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Debates Forum

Debates Forum

  1. Subscriber no1marauder
    It's Nice to Be Nice
    27 Apr '11 00:47
    Are pretty rosy in their predictions of the immediate future: http://www.msnbc.msn.com/id/42768270/ns/business-eye_on_the_economy/

    Agree or disagree?
  2. Subscriber AThousandYoung
    Poor Filipov :,(
    27 Apr '11 01:01 / 1 edit
    Agree. Like I predicted way back when, 8% unemployment before 2012.

    EDIT The article says 8.4% by December. That's cutting my prediction really close.
  3. Standard member Palynka
    Upward Spiral
    27 Apr '11 01:46
    I wonder how many of them pulled numbers out of their behind and how many have done proper forecasting. I bet the answer would be embarrassing. The interpretation of the journalist also doesn't help because it hides the diversity of opinions.

    For example, go here:
    http://hosted.ap.org/specials/interactives/_business/ap_economic_survey/index.html
    Click broader economy and then in "Choose and economist" pick "view all responses". There's even a 5% "prediction" for the last quarter of 2010 made in January 2011 and not a lot of clustering around the mean.

    I think that the Fed's Summary of Economic Projections which should soon be out with the upcoming FOMC meeting will be a more serious base to discuss this, compared to this particular survey.
  4. 27 Apr '11 09:01
    These predictions precise to a tenth of a percent always amuse me. Not a snowball's chance in hell that economists can predict fourth quarter growth this accurately.
  5. Standard member Palynka
    Upward Spiral
    27 Apr '11 09:27 / 1 edit
    Originally posted by KazetNagorra
    These predictions precise to a tenth of a percent always amuse me. Not a snowball's chance in hell that economists can predict fourth quarter growth this accurately.
    Well, they weren't asked for posteriors (or intervals) but for a point forecast. The press wants quantitative point forecasts and qualitative description of posteriors (uncertain environment=high posterior variance, risk of double dip-skewed distribution with a fat tail, etc.).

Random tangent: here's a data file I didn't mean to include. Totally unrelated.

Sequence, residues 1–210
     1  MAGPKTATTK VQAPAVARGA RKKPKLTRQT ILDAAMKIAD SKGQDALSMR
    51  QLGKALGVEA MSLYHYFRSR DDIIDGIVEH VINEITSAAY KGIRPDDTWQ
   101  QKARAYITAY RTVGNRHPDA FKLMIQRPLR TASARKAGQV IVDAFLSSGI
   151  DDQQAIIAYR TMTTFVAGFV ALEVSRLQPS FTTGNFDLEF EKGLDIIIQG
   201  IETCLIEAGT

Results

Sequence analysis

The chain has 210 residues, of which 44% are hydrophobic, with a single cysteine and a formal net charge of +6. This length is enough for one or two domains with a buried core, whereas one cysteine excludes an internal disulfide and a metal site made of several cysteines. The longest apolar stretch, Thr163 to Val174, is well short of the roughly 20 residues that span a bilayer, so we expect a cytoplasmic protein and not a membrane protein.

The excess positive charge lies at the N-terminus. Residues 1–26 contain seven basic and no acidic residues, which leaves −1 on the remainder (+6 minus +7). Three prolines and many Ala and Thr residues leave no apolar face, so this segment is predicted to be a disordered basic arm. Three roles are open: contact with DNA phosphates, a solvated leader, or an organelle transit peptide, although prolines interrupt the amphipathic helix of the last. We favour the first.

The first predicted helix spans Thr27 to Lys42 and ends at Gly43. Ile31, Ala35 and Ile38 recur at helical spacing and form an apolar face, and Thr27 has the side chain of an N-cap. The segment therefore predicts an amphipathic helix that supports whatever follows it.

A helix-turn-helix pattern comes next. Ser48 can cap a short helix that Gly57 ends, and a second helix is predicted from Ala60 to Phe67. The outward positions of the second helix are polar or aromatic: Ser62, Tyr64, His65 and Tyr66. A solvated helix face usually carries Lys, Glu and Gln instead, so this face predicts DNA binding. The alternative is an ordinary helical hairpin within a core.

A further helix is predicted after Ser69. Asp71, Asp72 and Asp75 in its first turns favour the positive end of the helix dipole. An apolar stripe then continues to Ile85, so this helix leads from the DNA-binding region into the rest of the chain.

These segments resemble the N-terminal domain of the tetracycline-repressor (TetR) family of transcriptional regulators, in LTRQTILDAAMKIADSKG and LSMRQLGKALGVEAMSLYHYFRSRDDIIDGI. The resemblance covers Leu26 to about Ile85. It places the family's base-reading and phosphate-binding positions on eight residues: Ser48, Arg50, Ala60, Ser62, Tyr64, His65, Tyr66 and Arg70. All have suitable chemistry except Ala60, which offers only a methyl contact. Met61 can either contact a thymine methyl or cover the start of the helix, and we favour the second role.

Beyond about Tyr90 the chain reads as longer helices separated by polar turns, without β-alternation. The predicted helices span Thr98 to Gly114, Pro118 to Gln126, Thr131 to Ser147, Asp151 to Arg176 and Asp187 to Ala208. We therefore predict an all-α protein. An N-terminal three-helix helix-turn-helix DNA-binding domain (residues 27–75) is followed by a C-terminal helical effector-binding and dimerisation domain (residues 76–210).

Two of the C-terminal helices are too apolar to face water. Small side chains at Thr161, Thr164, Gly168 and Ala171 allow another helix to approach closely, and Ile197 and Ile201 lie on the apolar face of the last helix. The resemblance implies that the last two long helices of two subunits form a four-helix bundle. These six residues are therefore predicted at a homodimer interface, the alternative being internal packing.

6. Subscriber no1marauder
    It's Nice to Be Nice
    28 Apr '11 18:25
    Originally posted by Palynka
    I wonder how many of them pulled numbers out of their behind and how many have done proper forecasting. I bet the answer would be embarrassing. The interpretation of the journalist also doesn't help because it hides the diversity of opinions.

    For example, go here:
    http://hosted.ap.org/specials/interactives/_business/ap_economic_survey/index.html
    Click b ...[text shortened]... eeting will be a more serious base to discuss this, compared to this particular survey.
    At his press conference, Bernanke unveiled projections on inflation, growth and unemployment which were all within the ranges of what the survey gave.
  7. Standard member sh76
    Civis Americanus Sum
    28 Apr '11 18:27
    Originally posted by KazetNagorra
    These predictions precise to a tenth of a percent always amuse me. Not a snowball's chance in hell that economists can predict fourth quarter growth this accurately.
    Predictions are always +/-; you have a range in mind, so you predict something in the middle of that range. If you're close, that's tantamount to being "right."

    That's true whether you're predicting economic growth, the weather or number of wins a baseball team is going to achieve this year.
  8. 28 Apr '11 19:24
    Originally posted by sh76
    Predictions are always +/-; you have a range in mind, so you predict something in the middle of that range. If you're close, that's tantamount to being "right."

    That's true whether you're predicting economic growth, the weather or number of wins a baseball team is going to achieve this year.
    The range is actually of great importance.
  9. Subscriber AThousandYoung
    Poor Filipov :,(
    28 Apr '11 19:25
    Originally posted by KazetNagorra
    The range is actually of great importance.
    Yeah; in science, 8.4 implies +/- 0.1.
  10. Standard member bill718
    Enigma
    29 Apr '11 11:19
    Originally posted by no1marauder
    Are pretty rosy in their predictions of the immediate future: http://www.msnbc.msn.com/id/42768270/ns/business-eye_on_the_economy/

    Agree or disagree?
    I'd say somewhere in between. Things are improving, but these economists are a bit optimistic I think.